Arts with education: Three-day Tamasha kicks off at Alhamra

Theatrical performances, training workshops and discussion sessions under way.

Mariam Shafqat April 08, 2017

LAHORE: A three-day event featuring theatrical performances targeting youngsters, training workshops from upcoming directors, master workshops from international trainers for local artists and discussion sessions for general public kicked off at Alhamra Arts Centre on Friday.

Tamasha Festival 2017 has been organised by the National Centre for International Association of Theatre for Children and Young People (ASSITEJ) in collaboration with The Little Art, Chota Mota Theatre, Theatre For You And Me Foundation and Independent Theatre Pakistan.

Festival Manager Umair Mushtaq said the unique feature of this festival was that its target audiences were children and young people, an aspect, which he claimed, has never happened in the history of Lahore’s arts and cultural landscape.

According to Umair, the event would to be a colourful spectacle for children and families as well as teens since music, dance and innovative stage acts were put together for the people to promote the culture of performing arts in a new way.

The festival will present eight major theatre plays, 21 performances by school groups and 10 interactive workshops for children, families and educators including different storytelling, theatrical, musical and dance performances along with some school Tamashas (performances) by renowned theatre groups all designed keeping in mind young audiences.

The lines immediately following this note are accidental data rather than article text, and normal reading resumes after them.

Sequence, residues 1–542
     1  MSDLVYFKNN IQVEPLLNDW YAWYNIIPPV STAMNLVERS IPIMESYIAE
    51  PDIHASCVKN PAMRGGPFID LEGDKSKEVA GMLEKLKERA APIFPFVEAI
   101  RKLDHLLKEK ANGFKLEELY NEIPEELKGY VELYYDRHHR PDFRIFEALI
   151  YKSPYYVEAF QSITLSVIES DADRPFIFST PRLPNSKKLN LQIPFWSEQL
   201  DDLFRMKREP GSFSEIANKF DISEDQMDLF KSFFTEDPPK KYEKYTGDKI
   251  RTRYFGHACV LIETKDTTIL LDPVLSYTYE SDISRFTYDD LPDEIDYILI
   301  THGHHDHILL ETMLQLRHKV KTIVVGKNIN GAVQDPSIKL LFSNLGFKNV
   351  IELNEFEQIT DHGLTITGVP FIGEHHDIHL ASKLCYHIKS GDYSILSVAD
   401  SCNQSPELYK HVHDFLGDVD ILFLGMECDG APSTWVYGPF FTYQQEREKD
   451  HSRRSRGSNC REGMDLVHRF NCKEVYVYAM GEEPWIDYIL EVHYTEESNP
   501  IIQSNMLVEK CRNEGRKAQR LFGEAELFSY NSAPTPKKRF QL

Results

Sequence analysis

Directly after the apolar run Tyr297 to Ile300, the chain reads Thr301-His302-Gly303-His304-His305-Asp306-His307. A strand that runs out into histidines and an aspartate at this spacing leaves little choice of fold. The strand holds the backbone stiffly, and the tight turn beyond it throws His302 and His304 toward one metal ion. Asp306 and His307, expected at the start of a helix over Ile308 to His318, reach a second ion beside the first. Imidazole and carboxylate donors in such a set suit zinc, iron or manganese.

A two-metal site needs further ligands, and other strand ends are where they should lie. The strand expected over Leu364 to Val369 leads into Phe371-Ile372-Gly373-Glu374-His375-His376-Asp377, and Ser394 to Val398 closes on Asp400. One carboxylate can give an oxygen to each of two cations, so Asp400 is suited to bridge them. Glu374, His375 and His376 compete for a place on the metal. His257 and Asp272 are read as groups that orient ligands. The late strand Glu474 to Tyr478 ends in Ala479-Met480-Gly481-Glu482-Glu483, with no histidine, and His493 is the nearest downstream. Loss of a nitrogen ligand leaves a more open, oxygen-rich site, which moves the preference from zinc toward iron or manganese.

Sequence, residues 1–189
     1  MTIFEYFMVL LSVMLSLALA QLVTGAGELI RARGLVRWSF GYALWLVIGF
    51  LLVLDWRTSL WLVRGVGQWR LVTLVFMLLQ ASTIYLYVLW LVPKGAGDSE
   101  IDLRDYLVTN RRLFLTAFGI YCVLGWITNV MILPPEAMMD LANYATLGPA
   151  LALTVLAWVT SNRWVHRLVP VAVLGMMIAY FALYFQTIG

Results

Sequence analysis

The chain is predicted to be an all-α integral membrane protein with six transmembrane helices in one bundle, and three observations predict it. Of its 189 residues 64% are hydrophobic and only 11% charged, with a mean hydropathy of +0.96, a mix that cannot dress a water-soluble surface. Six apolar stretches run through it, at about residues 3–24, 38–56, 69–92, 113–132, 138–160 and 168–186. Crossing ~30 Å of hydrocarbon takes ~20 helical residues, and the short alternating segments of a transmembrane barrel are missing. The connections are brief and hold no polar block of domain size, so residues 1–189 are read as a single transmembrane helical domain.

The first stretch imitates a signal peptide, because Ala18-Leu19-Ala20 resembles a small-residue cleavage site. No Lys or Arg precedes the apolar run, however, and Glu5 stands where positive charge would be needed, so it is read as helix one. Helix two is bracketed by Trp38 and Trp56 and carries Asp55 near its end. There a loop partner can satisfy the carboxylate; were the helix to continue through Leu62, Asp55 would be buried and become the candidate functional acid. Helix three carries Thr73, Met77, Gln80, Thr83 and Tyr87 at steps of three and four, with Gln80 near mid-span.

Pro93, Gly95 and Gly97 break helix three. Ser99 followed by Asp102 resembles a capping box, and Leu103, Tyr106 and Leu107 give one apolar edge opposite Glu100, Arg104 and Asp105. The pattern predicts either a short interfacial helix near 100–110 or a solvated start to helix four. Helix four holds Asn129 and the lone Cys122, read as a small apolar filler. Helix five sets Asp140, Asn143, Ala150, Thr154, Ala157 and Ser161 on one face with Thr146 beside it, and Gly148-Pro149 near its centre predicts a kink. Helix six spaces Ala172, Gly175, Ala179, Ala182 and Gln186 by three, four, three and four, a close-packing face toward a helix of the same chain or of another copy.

Other than theatre performances, some informative discussion sessions such as society and drama, role of performing arts education and workshops on how to incorporate performing arts and theatre in education are also scheduled.

Umair said renowned theatre, music and dance professionals would be joining in for panel discussions to share their experiences, views and aspirations that could be a great learning experience for the youth.

“The concept behind the name of the festival is to represent something energetic and engaging for the audience as it targets the youths who are the future of our country and if given the right platform they can do wonders.”

He said the idea of the festival was to create a dialogue bringing people together at a platform where they could share ideas inspiring similar sort of initiatives in the future and promoting the theatre and performing arts which were fading away in Lahore.

Festival Director Shoaib Iqbal said young people liked stories that made a real impact on their lives and stories which they could pass on and talk about to their peers. “Such stories are told through intelligent, entertaining and diverse theatrical performances that festivals offer from around the world, opening a window to develop their global perspectives,” he added.

“We are proud that we have been able to engage both local and international creative professionals and we are looking to create a significant place in the cultural life of youth and children in Pakistan, becoming a unique cultural experience through performing arts and we hope to have more such events,” Shoaib remarked.

Umair said the festival was being held as a result of Assitej’s 7th Asia Meet, which was a meeting of national centres, corresponding centres and individual members of Assitej from Asia and Australia to focus on regional cooperation between the national centres and possibilities of joint ventures for the future of performing arts in Pakistan.

Published in The Express Tribune, April 8th, 2017.

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